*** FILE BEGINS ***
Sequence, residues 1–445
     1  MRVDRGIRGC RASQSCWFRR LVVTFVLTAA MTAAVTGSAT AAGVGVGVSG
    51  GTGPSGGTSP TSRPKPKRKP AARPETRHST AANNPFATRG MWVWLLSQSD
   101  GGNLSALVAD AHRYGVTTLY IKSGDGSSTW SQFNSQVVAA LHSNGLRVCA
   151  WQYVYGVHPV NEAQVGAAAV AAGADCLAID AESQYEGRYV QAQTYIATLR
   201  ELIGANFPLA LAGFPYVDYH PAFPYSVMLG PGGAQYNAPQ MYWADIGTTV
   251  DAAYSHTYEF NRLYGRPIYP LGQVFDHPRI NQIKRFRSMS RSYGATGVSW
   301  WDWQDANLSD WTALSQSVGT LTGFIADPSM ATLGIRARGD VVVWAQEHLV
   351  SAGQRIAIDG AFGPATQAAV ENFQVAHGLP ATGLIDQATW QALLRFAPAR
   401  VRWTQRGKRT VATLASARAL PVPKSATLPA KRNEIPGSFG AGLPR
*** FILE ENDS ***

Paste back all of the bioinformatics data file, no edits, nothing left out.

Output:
Sequence, residues 1–445
     1  MRVDRGIRGC RASQSCWFRR LVVTFVLTAA MTAAVTGSAT AAGVGVGVSG
    51  GTGPSGGTSP TSRPKPKRKP AARPETRHST AANNPFATRG MWVWLLSQSD
   101  GGNLSALVAD AHRYGVTTLY IKSGDGSSTW SQFNSQVVAA LHSNGLRVCA
   151  WQYVYGVHPV NEAQVGAAAV AAGADCLAID AESQYEGRYV QAQTYIATLR
   201  ELIGANFPLA LAGFPYVDYH PAFPYSVMLG PGGAQYNAPQ MYWADIGTTV
   251  DAAYSHTYEF NRLYGRPIYP LGQVFDHPRI NQIKRFRSMS RSYGATGVSW
   301  WDWQDANLSD WTALSQSVGT LTGFIADPSM ATLGIRARGD VVVWAQEHLV
   351  SAGQRIAIDG AFGPATQAAV ENFQVAHGLP ATGLIDQATW QALLRFAPAR
   401  VRWTQRGKRT VATLASARAL PVPKSATLPA KRNEIPGSFG AGLPR